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Wednesday, December 19, 2012

Cab -> Merlot -> Pinot Noir -> Grenache?

  There are always "in" wines such as Pinot Grigio seems to be now. This changes every few years. At one time in California it was Chardonnay or Cabernet and that was about it. Sure, there were other things planted like Chenin Blanc and French Colombard, and some Zinfandel mostly for the locals, but the big guys in the market were Chard and Cab.

  Along came The French Paradox on 60 Minutes and all of a sudden it was Merlot as everyone needed a red wine that was drinkable on the day they bought it (not like the Cabs of the time). Merlot rode that wave for about 15 years. Then it was Pinot Noir. Some say because of the movie Sideways that praised Pinot and derided Merlot.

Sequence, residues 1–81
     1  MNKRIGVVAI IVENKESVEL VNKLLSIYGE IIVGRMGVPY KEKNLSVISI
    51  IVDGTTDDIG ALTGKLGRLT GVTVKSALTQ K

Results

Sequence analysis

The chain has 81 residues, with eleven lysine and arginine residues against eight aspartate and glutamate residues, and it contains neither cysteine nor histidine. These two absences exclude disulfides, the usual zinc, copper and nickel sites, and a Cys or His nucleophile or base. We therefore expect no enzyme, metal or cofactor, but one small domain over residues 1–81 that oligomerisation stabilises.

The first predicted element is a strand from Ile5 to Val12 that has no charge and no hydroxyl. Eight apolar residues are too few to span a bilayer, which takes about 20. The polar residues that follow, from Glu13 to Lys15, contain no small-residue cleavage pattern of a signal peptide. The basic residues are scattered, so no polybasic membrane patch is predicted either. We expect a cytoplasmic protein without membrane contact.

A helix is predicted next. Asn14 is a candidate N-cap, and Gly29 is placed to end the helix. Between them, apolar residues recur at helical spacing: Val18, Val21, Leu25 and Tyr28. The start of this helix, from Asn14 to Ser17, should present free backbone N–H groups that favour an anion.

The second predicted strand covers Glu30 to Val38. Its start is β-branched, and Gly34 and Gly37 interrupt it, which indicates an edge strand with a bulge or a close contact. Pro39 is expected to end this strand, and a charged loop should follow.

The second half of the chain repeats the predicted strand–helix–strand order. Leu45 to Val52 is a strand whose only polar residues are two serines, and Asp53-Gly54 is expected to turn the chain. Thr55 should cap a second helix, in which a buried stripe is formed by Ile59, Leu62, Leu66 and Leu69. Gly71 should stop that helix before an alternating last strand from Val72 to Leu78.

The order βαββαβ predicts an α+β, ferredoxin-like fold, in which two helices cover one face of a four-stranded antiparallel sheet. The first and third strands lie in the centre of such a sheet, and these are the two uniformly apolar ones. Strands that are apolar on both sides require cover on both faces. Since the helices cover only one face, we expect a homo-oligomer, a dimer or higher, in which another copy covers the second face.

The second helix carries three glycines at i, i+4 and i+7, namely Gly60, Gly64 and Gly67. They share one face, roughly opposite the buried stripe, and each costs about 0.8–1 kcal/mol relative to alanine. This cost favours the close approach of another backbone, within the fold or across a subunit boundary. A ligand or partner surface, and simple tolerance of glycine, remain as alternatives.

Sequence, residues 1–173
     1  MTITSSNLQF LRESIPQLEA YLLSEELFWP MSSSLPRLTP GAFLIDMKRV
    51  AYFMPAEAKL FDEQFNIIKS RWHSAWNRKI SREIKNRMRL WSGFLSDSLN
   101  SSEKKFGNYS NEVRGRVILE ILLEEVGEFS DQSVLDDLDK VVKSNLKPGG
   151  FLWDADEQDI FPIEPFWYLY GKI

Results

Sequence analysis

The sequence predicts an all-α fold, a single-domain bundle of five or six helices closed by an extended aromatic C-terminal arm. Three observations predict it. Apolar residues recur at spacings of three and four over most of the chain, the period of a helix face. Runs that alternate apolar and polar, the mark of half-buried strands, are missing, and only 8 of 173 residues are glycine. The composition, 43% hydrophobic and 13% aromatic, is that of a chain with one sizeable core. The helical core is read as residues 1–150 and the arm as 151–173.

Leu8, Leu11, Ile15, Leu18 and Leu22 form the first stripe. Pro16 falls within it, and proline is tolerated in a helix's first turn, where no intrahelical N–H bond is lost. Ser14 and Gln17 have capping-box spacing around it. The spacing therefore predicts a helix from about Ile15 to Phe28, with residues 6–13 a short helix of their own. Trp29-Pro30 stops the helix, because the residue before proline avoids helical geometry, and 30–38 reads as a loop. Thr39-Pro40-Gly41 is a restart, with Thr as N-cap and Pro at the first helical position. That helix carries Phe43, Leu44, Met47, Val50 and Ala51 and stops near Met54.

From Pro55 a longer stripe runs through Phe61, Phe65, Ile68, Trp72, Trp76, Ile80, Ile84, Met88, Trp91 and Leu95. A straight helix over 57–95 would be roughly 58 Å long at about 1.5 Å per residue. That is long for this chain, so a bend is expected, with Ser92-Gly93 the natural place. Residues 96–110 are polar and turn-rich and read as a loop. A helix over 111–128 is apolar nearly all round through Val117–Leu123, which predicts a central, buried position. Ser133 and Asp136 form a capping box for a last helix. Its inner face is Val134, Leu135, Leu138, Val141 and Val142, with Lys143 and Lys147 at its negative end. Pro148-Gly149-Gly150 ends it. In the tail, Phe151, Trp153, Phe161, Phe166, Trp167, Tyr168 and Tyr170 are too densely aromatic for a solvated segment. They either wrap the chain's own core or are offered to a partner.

Pinot has been riding that popularity wave right into the $50 a bottle range. There's a lot of Pinot being produced now. Is its price sustainable? My guess is no. Not that I'm even close to being an expert on it, but I've been a CA wine drinker for a long time and seen the trends come and go. 

  I've noticed interest moving towards Rhone varietals and specifically Grenache. It can be a good food wine, Grenache is a wine you can just sip on or have with a meal, and most importantly it doesn't cost an arm and a leg. The Next Big Thing in red wines was going to be Syrah, but that was a bit of a bust. Why? Well, it's usually a good food wine, but not so good for sipping (it's tannic) and not necessarily cheap--except for the Australian Shiraz style. 

  Grenache seems to grow well in a lot of different locations in California from coastal to the interior Sierra foothills. Yeah, you can find a $40 one if you look hard, but most are around $20. The best ones are often blends of Grenache with Syrah and a lesser known grape Mourvedre--and maybe even Petite Sirah and Carignane. The blends are interesting and very drinkable and if the prices stay low they may even become popular!